Rules designed to help children of color and children with disabilities will go into immediate effect.
Earlier this month, in response to a lawsuit from the Council of Parent Attorneys and Advocates, a national disability rights group, a federal district court ruled that the Trump administration violated federal law when it delayed a Department of Education rule designed to protect students of color and students with disabilities.
Children of color are significantly more likely to be identified as needing special education than their peers. According to the department and decades of research and data, there is a “strong concern” that many of these children have been improperly identified to their detriment.
Congress addressed the problem of significant disproportionality in both the 1997 and 2004 reauthorizations of the Individuals with Disabilities Education Act (IDEA). Under the law, states are required to identify school districts with significant disproportionality in identification, placement, and discipline and take actions to address the disproportionality.
But states had broad discretion in how to define significant disproportionality, and as a result, relatively few districts were identified as disproportionate by states, despite overwhelming data showing a disproportionality problem. Accordingly, the department issued regulations in 2016 to better understand the extent of and address racial and ethnic overrepresentation in special education.
The 2016 regulations were designed to ensure states work with school districts so that children with disabilities are properly identified for services, receive necessary services in the least restrictive environment, and are not disproportionately removed from their educational placements by disciplinary removals. The primary goal of the regulations was to ensure the appropriate review of data and examination for significant disproportionality and, accordingly, help states and districts address and reduce the disproportionate segregation and discipline of students of color.
Under the law, if a district is identified with significant disproportionality, it must set aside 15 percent of its special education funds to provide comprehensive coordinated early intervening services to address the disparities. The regulations took effect January 2017, and states were required to begin using the new regulations to identify significant disproportionality in school districts beginning July 1, 2018.
Regrettably, right before states were to begin implementing the new rules, the Trump administration decided it needed to review the regulations and delayed implementation of the significant disproportionality rule for two years. More than 100 civil rights organizations, including disability rights organizations, opposed the delay. States have had since 2004 to implement these provisions of law and were prepared to move forward with the new rules and begin to meaningfully address these inequities. The delay created confusion and sent the clear message that inequities in special education for children of color simply don’t matter under this administration. More importantly, disparities continue to flourish, with no meaningful opportunity in place to address the disparities.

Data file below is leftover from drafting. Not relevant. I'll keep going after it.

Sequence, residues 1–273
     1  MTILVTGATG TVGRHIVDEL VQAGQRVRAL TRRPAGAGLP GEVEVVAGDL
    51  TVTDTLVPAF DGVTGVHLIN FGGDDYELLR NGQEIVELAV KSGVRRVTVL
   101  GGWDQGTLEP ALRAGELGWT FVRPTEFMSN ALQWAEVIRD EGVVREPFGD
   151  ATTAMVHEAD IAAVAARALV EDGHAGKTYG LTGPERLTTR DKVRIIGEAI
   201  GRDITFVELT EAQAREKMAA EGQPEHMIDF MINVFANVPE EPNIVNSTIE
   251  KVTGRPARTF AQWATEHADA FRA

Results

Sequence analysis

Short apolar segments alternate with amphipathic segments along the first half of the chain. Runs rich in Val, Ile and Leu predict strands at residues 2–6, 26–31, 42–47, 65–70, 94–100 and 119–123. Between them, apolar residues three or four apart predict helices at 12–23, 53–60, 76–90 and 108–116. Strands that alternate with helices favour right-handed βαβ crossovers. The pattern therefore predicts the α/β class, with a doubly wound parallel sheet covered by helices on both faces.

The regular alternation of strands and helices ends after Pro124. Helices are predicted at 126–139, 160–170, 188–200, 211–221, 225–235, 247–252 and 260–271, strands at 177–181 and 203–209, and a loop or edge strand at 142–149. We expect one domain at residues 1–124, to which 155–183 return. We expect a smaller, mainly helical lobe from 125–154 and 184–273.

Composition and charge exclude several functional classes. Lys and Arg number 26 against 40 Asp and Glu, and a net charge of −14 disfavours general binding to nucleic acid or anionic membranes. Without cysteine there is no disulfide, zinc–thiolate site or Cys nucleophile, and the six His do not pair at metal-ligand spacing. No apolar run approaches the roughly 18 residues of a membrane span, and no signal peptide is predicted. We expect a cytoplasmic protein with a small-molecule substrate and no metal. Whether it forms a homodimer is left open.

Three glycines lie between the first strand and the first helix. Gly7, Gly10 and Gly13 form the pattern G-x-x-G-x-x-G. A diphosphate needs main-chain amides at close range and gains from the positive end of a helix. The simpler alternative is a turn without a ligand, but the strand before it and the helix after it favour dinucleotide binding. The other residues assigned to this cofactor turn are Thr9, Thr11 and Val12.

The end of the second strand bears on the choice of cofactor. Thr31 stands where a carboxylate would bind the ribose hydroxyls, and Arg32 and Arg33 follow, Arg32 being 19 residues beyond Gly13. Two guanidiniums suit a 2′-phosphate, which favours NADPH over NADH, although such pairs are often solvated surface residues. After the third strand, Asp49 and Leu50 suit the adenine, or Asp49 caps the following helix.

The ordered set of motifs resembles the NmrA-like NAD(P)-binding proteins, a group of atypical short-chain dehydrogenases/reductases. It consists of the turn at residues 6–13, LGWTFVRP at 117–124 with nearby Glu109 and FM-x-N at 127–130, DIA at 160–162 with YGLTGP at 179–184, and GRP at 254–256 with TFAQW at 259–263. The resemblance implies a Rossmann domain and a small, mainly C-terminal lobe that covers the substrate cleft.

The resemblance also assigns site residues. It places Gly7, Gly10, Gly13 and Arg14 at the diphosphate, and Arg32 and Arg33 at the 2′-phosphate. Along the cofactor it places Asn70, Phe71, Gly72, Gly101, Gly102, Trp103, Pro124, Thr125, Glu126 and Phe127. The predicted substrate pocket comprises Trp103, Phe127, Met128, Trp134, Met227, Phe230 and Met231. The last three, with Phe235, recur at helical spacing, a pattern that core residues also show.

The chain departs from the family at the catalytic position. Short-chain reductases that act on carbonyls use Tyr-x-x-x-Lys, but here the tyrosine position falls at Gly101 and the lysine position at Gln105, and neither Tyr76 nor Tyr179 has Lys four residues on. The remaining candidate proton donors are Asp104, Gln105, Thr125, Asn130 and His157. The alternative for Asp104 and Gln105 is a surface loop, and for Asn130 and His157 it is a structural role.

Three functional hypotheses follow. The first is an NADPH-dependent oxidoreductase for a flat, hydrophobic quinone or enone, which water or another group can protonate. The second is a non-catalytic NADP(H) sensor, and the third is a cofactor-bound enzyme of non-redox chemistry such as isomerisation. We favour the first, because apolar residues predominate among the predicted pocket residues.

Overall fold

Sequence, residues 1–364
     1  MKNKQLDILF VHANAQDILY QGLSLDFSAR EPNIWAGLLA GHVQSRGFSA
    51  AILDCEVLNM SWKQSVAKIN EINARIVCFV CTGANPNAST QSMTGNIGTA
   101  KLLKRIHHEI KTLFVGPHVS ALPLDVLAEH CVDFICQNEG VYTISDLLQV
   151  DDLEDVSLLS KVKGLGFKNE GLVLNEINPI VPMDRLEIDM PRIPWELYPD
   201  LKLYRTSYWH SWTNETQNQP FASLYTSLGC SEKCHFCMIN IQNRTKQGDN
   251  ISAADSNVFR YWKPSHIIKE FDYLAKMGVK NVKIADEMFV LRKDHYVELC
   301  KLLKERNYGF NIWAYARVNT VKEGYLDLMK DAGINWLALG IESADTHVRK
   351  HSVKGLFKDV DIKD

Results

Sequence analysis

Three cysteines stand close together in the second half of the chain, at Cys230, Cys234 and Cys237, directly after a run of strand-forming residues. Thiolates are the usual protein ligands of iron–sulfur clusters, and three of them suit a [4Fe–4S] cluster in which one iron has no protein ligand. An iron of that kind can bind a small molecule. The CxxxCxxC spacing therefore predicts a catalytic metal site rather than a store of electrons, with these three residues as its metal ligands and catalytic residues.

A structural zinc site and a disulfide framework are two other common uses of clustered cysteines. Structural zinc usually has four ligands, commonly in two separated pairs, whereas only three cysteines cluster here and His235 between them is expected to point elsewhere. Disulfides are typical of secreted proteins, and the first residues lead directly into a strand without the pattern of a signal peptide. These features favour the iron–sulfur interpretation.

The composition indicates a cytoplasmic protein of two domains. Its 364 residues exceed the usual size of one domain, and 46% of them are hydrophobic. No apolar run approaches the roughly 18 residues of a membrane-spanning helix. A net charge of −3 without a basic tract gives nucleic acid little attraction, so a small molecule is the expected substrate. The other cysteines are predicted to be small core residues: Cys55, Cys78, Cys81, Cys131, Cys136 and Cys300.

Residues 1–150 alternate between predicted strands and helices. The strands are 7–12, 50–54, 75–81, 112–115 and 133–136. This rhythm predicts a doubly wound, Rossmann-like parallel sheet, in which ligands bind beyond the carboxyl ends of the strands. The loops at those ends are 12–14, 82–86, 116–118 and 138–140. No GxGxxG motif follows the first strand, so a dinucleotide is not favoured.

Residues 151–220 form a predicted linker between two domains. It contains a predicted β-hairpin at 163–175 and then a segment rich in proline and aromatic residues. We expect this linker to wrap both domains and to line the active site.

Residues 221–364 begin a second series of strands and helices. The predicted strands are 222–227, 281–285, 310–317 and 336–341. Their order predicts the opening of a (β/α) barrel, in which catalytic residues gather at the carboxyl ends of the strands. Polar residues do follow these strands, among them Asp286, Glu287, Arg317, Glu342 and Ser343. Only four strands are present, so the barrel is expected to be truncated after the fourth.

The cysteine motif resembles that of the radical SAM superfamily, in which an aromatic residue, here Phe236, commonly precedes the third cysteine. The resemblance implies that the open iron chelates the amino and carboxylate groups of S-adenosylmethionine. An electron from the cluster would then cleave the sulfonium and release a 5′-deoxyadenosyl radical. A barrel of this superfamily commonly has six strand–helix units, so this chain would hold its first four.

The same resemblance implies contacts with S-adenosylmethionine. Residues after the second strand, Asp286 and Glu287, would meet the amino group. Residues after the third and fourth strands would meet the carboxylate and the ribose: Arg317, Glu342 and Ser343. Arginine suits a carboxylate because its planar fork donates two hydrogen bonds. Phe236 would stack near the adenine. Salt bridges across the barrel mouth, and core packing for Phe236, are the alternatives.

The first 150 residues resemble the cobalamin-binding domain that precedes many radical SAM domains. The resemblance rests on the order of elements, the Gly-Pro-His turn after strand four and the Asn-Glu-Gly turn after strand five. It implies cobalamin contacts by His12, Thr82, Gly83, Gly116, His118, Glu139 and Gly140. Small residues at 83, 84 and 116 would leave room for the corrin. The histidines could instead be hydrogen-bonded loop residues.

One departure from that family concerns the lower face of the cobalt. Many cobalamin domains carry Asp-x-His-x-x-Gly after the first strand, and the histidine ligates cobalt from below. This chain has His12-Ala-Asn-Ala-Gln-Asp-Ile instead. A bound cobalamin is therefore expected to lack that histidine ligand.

When children of color are disproportionately identified as needing special education, there are particular risks involved. Children of color with disabilities are more likely to be educated in segregated settings, leaving them with fewer opportunities to interact with nondisabled peers, access rigorous academic content, engage with effective educators, and participate in enrichment activities.
There are also disturbing disparities when it comes to discipline and children of color and children with disabilities. On average, schools suspend Black children at double the rate of white or Hispanic children, and they suspend children with disabilities at more than double the rate of children without disabilities.
When children are removed from the classroom for disciplinary reasons, or educated in segregated settings, academic performance is impacted. The overwhelming majority of children in special education do not have significant cognitive impairments that inhibit their ability to access grade-level work. Yet, in 2015, only 3 percent of fourth grade Black children with disabilities were reading at or above proficiency, along with 5 percent of Hispanic children with disabilities, and 6 percent of American Indian/Alaska Native children.
Fortunately, the court found that the Department of Education failed to provide a reasoned explanation for delaying the 2016 rule. The court also found that the department’s delay was arbitrary and capricious, failing to take into account the efforts states made to implement the 2016 rule and the costs to children, their parents, and society. The recent court ruling means the original rule will take effect as the department originally intended.
States must begin implementing the rules immediately, identifying school districts with significant disproportionality. If significant disproportionality is found, states must provide for the review and revision, as appropriate, of the district’s policies, practices, and procedures that contribute to the disproportionality. Districts must also provide comprehensive coordinated early intervening services to address the factors contributing to the disproportionality.
It is imperative that we address the systemic inequities in special education for children of color. Special education services should offer assistance to students with disabilities who need it, preferably in the general education classroom. They should not be used to segregate students of color into separate special education classrooms at dramatically disproportionate rates. Both students of color and students with disabilities deserve better — and this restored regulation is an important first step.